Who are you and what do you do here?
Iâ€™m a lot of things; a business owner, a coffee roaster, and when I came here I was a caregiver for my mother. So, my mother passed, but Iâ€™m still a caregiver. Thatâ€™s just a part of my personality. Iâ€™m a people person, I LOVE people. Especially here [at the Factory], theyâ€™re so diverse. Having come here and been around such a wide variety of different people, Iâ€™ve become more open-minded toward different lifestyles. I try to work on being non-judgmental, the unlearning is the hardest part.
How long have you been with the Pajama Factory?
In a few short days, itâ€™ll be five years.
Did â€‹you grow up in the area? If not, when and why did you move to this area?
I literally sleep in my childhood bedroom. I live in the house I grew up in, which is three blocks away.
What was your experience with coffee roasting before you opened your establishment?
I worked in a print shop, buying whole bean coffee from the coffee shop up the street, trying to figure out what I was going to do to retire, because the printing industry was changing. The coffee shop down the street that I went to every day was closing, so I decided I would make it myself. I did all the research and figured out how to roast my own coffee. I built my first roaster, and I really had no intentions of opening a coffee shop, but one day it worked. I looked at my brother and said, â€œIâ€™m going to open a coffee shop.â€ And three years later – I was here. I started with a table and a tent and worked at music festivals, anywhere I could set something up. I never thought I had what it took to open my own business, and it definitely takes some discipline, but itâ€™s fun.
Tell me the story of Way Cool Beans. Why did you open, and why did you choose to open here?
The completely honest answer is, I donâ€™t know. I knew there was some stuff over here, and I was just kinda drawn to it. I wanted to be down where the woodshop is, or around the corner. I didnâ€™t know anything about the building. Barb [Andreassen] and Mark [Winkelman] pushed this spot on me, because it had plumbing and gas and had been empty for some time. I actually said no three times until I finally decided to be here. After being here, it became really obvious to me why I wanted to be here. Itâ€™s partly because of the community, partly because people meet here, a lot of things happen in here. Iâ€™m kind of a facilitator, not really by choice, it just kind of happens. Itâ€™s just the energy of the place.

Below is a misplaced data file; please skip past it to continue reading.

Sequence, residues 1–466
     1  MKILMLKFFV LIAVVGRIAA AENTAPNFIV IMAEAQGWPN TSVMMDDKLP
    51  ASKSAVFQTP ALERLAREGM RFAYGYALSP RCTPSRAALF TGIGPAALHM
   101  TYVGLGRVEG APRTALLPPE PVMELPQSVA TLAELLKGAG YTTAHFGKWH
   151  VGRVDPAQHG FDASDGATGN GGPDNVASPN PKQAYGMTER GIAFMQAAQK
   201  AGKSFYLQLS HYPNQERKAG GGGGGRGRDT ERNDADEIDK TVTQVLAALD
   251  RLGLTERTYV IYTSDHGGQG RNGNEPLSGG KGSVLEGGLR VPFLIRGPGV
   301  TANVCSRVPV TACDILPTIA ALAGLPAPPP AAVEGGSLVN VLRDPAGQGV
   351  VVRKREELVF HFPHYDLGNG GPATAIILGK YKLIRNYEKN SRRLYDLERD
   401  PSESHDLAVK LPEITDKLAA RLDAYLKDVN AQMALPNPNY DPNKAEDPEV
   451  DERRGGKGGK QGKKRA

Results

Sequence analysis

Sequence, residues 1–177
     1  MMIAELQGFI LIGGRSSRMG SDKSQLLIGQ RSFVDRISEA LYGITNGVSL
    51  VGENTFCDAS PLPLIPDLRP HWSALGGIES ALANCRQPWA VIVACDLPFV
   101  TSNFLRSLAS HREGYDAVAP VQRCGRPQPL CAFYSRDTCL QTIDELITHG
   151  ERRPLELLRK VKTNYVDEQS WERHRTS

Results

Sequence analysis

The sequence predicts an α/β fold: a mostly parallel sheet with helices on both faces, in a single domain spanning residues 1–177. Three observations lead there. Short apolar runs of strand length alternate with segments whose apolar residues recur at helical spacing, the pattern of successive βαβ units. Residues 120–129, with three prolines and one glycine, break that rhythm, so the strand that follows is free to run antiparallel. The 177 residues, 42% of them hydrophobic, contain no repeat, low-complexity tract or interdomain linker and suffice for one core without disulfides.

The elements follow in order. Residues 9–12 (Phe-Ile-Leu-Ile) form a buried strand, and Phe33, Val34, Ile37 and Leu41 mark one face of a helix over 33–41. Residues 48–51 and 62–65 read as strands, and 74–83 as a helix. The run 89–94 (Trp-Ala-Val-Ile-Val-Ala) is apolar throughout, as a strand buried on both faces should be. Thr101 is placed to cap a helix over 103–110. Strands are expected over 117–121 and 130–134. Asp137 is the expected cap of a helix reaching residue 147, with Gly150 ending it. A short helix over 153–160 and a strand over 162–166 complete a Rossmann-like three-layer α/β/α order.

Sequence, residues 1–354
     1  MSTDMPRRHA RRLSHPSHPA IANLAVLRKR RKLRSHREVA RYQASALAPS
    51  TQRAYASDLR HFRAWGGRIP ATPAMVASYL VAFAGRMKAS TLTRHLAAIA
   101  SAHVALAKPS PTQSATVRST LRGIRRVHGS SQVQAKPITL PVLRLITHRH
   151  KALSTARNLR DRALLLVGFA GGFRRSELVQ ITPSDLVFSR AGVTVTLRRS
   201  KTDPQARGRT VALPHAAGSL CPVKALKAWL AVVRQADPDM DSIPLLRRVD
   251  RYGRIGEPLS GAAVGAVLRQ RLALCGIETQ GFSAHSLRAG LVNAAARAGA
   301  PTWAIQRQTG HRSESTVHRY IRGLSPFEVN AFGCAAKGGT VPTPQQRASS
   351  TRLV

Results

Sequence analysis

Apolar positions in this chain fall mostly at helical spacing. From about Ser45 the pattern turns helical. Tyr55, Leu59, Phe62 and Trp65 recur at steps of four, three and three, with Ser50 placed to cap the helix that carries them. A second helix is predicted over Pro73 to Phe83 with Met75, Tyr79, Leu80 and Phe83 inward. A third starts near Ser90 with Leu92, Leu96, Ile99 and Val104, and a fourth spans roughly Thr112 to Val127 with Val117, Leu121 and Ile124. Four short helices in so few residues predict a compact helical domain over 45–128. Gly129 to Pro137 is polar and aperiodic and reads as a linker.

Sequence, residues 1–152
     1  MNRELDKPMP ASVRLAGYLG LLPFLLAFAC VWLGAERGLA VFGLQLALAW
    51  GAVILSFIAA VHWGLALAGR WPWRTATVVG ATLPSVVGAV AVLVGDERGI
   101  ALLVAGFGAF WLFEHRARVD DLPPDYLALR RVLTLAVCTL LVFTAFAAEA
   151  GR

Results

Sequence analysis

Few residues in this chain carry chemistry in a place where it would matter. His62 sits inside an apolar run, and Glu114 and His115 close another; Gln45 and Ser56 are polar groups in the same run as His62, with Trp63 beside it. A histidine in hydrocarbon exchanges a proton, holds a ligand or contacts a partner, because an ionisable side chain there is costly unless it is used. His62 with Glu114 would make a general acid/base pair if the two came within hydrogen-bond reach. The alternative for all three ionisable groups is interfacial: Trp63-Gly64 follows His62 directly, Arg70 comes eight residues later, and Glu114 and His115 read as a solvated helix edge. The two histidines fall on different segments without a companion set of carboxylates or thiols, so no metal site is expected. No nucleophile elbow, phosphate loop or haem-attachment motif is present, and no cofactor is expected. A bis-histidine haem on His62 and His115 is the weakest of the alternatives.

For example, there was a lawyer sitting here and also a guy who wanted to start a music festival, but he needed a lawyer. And they just happened to both be here.
I live in a constant state of amazement but Iâ€™m never surprised anymore. Itâ€™s amazing, but itâ€™s common. These things happen all the time if you pay attention.
â€‹What core value drives your business?
Getting people together. This is a great place for people to stop and breathe. Everyone is in a hurry, everyone has something to do. Everyone is goal oriented, which isnâ€™t a bad thing, but if youâ€™re so goal-oriented while youâ€™re trying to get there, youâ€™re missing life. Itâ€™s the journey, not the destination. Itâ€™s about the now. Everyone says the same thing to me: â€œThe seats are so comfortable in here.â€
â€‹What do you love most about what you do?
I do it for me. Iâ€™m not working for someone else, [so] it doesnâ€™t feel like work. I donâ€™t feel like I need to retire. I hang out all day. Thatâ€™s what I do for a living. I brew coffee, but for the most part, it almost never feels like work. Since my motherâ€™s passed, my brother comes and has lunch with me every day here so weâ€™ve gotten closer.
What are your hopes for the future of Way Cool Beans?
Actually, I hope to really keep doing what Iâ€™m doing, but more of it. My intentions for the physical part of the shop – Iâ€™d like to do a facelift. Iâ€™ve started some things cosmetically. Iâ€™m working on getting into a few more restaurants. Iâ€™m working on making deliveries. Iâ€™d like to put together a coffee trailer – like a food truck, but for coffee, so I can go to events and hang out. Hiring more employees is a goal in the future as well.
Whatâ€™s your current go-to drink?
Believe it or not, I drink more water than anything. Sumatra is my everyday coffee. Probably my favorite is the Hawaiian Kona, but itâ€™s expensive.
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